The new trading complications for a partitioned island half in the European Union got me thinking about something Peter Frankopan wrote. He opined that ‘US policy … is being developed in response to Chinese and Russian plans, rather than offering an independent and autonomous vision …’ This quote was in The New Silk Roads, in the chapter about roads to future, about Africa, and US policies where US support is described as being matched to US priorities rather than the needs of the supported.
The BUILD Act was mentioned earlier in that chapter. That’s a US policy ‘to provide countries with a robust alternative to state-directed investments by authoritarian governments’. It was passed late 2018 ostensibly ‘to compete with China’s global activity in the infrastructure and development assistance space’ according to an article on Lexology posted in 2018. They also mention that the European Commission adopted a ‘Connectivity Strategy’ whereby ‘the EU intends to present candidate countries with a credible and sustainable alternative offer for connectivity financing.’
The EU Connectivity Strategy and the American Better Utilisation of Investments Leading to Development (BUILD) and are designed to compete with the Chinese Belt and Road Initiative. The EU thinks this is worth an annual budget of about $500 billion. The US announced a 2018 commitment of $113 million, in the same range as the reported earnings of Jared Kushner and Ivanka Trump in 2017.
Meanwhile China spends trillions aiding over 60% of the global population. It’s aligned (or sidelined) Russia with massive energy deals and huge investments through the Shanghai Cooperation Organisation of which it is host and chair. And of course, China and Russia are continuing to cooperate on military initiatives including nuclear arms polices. Given the SCO ambitions, to ensure security and maintain stability across the vast Eurasian region, one wonders when SCO support will be matched to priorities rather than the needs of the supported?
The axis of the world’s power continues to move deeper into Asia. One might also wonder how long ‘western’ standards like Greenwich Meantime can last? Or whether the Dow Jones will matter in 2050? Are we preparing to feed the world, restrict climate damage, increase biodiversity, improve antibiotics, mitigate plastics and prevent pandemics? Or are humans being prepared for a one party planet?
I mentioned recently that I need a new strap for my FitBit that’s two generations behind the times. The local shelves and online retailers in Ireland couldn’t help. UK sites wouldn’t deliver to Ireland. Ditto Germany and France. So once again, Brexit having happened, I tried the Amazon site in the UK today and I was able to complete a purchase. It’s being fulfilled by Amazon EU sarl and that’s a bit odd since I checked and the Germans and French still won’t ship to me.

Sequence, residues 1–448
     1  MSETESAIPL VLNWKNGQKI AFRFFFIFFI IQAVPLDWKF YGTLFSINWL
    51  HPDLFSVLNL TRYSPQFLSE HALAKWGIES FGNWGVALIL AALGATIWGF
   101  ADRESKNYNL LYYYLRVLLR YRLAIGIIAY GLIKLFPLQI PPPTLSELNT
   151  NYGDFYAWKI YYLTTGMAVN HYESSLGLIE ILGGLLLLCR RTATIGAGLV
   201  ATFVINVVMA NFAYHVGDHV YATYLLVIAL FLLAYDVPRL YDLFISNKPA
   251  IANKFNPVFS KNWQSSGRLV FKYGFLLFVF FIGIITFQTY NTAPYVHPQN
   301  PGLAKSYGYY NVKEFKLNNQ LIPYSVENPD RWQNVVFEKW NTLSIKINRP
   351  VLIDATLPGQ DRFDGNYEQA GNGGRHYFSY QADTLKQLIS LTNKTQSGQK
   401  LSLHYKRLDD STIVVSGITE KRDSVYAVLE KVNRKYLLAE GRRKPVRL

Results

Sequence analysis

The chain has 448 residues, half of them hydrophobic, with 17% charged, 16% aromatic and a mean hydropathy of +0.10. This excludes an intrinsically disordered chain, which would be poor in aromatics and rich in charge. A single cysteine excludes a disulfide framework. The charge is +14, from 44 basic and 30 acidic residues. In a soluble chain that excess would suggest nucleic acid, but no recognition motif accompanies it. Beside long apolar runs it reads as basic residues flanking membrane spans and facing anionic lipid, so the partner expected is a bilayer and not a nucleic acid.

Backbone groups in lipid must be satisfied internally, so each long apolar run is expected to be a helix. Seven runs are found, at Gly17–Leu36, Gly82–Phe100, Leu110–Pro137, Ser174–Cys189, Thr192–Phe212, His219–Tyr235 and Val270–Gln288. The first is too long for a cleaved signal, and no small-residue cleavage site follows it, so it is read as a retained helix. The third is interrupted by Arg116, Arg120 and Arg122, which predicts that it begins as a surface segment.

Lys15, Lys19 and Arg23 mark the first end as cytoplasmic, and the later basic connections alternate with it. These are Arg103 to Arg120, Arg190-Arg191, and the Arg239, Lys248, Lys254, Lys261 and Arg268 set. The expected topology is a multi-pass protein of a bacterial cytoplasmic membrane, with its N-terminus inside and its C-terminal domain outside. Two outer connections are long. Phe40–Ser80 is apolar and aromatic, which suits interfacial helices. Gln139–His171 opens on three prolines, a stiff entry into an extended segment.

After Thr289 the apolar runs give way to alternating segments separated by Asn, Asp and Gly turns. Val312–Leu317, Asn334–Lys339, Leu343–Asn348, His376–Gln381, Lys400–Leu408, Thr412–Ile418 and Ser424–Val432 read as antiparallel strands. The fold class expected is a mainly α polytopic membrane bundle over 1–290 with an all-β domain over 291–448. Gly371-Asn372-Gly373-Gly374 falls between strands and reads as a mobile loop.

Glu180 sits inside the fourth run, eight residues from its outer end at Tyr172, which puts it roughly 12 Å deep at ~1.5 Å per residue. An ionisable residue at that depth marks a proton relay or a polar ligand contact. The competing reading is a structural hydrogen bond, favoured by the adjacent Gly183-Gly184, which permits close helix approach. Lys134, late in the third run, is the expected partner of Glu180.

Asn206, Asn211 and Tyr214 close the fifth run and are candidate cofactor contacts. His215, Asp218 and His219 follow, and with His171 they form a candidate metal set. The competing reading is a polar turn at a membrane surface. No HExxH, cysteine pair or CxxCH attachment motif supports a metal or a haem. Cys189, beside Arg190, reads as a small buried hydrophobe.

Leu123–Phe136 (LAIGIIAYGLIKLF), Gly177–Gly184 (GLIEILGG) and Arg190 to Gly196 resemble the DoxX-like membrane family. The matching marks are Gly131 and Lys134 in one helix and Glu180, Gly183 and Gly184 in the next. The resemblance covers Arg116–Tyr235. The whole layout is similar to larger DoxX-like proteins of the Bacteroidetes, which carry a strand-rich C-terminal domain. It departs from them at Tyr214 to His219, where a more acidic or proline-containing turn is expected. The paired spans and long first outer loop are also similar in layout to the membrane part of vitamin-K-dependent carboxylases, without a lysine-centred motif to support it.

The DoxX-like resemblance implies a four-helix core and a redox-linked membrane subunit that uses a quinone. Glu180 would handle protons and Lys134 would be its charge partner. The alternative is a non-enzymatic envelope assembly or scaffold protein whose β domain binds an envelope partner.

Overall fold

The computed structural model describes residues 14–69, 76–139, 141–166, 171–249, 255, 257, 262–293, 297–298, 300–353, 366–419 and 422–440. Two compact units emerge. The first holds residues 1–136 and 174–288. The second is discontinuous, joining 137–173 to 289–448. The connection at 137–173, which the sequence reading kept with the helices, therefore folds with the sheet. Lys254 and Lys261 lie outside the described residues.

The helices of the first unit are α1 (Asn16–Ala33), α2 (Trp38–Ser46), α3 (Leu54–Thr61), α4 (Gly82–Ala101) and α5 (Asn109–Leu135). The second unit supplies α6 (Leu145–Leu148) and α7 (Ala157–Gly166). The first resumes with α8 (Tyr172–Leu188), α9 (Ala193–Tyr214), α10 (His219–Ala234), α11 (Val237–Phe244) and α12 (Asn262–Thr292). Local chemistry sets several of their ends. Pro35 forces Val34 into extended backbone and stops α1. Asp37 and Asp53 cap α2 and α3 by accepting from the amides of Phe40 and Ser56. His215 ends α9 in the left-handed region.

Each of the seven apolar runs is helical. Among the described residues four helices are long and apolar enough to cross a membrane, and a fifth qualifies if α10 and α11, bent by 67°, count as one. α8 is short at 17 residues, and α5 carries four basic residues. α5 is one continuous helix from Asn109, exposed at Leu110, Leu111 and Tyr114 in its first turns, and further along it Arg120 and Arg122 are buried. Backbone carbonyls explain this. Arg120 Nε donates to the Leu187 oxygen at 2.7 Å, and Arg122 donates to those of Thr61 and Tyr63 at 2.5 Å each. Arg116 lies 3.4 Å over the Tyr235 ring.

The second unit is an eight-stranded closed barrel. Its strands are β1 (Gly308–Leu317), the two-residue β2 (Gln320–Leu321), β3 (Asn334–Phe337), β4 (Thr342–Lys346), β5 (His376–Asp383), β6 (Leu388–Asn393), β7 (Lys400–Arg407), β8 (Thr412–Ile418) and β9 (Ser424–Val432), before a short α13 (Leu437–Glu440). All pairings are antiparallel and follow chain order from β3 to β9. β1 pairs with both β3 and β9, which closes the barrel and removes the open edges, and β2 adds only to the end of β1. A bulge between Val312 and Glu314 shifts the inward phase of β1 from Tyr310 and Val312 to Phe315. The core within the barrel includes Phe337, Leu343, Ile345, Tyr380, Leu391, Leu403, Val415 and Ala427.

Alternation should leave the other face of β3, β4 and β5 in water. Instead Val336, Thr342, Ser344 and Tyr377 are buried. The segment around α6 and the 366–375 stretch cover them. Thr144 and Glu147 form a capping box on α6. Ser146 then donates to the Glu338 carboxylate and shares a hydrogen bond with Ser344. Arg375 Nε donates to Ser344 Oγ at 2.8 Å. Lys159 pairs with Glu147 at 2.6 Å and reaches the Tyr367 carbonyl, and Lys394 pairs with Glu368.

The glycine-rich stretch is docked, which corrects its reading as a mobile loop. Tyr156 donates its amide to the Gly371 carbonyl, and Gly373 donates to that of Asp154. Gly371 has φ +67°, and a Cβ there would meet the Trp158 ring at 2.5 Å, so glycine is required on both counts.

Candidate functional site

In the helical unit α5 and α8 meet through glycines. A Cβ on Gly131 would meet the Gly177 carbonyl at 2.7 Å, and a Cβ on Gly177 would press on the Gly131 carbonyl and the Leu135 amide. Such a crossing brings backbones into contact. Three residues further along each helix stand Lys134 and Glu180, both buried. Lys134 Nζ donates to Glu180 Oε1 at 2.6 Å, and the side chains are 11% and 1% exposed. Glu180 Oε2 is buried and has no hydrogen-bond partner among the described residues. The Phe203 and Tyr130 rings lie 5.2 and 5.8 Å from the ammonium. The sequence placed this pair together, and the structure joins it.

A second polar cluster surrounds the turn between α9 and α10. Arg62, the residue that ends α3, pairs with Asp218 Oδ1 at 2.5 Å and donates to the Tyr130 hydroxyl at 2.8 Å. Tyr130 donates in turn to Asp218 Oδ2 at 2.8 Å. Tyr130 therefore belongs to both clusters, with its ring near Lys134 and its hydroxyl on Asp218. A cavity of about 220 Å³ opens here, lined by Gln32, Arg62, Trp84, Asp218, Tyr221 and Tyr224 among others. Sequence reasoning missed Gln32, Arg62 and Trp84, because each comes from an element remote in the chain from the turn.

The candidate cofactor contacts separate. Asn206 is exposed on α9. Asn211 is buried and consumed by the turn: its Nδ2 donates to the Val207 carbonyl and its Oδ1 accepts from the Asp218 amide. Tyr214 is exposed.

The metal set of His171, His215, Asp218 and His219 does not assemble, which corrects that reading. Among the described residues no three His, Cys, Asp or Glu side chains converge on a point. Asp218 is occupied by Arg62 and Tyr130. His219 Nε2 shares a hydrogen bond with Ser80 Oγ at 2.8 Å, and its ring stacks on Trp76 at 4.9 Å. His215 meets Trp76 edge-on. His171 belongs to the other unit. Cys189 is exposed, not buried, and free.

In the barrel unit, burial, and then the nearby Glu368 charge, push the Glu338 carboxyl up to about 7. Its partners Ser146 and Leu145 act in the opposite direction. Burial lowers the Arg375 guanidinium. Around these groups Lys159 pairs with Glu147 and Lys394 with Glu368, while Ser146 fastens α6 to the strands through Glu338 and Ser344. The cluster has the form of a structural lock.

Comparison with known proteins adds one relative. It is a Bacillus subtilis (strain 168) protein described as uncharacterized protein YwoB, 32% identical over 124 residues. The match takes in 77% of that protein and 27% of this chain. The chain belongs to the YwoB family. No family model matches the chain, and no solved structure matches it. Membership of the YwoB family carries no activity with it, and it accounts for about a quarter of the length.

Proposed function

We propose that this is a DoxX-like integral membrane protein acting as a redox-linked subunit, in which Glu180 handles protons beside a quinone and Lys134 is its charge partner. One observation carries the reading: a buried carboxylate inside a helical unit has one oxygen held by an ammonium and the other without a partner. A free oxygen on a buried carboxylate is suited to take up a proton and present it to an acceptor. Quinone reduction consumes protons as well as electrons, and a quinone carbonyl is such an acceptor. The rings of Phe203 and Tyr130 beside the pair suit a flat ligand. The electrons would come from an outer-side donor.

The FitBit was designed by an American company, manufactured to order in China and then sold by a British subsidiary of an American pharmacy company. I can’t say where the raw materials came from. I have no idea where the taxes are paid. Nor how much water is used in making a FitBit strap. Nor the carbon cost. It seems that FitBit strap replacement saga itself involves a cast that includes American vendors, Chinese manufacturers and purchasers living in Europe.
In short, all I can say is that human transglobal cooperation is a very fragile thing. The IMF identifies a top ten of Risky Import Products by their Value in Trade. This includes blood products, tyres, taps and much more besides. The IMF also works out which countries are most vulnerable to interruptions of trade both as importers and exporters. There’ve been enough tsunamis and other catastrophes to calibrate the predicted vulnerabilities.
‘Chad imports the highest share of risky products (43.4%), followed by the
Republic of Congo (39.4%), Gabon (38.9%), Equatorial Guinea (37.8%), and Turkmenistan (37.6%).’
It gets more complicated with the just-in-time procurement policies.
‘International supply chain countries with more than 30% of imports of fragile network products in 2014 include Mexico (37%), Hungary (36.2%), Romania (34.2%), Slovakia (34%), the Czech Republic (33.9%), Canada (31.5%), Germany (30.8%), and Austria (30.7%).’
What I want to know is how supply chain vulnerabilities manifested during the pandemic?
And whether the ultimate solution will be a one party planet?
Reference: Assessing the Fragility of Global Trade: The Impact of Localized Supply Shocks Using Network Analysis by Yevgeniya Korniyenko, Magali Pinat, and Brian Dew
Caveat emptor: my daily musings may be incomplete and incorrect.
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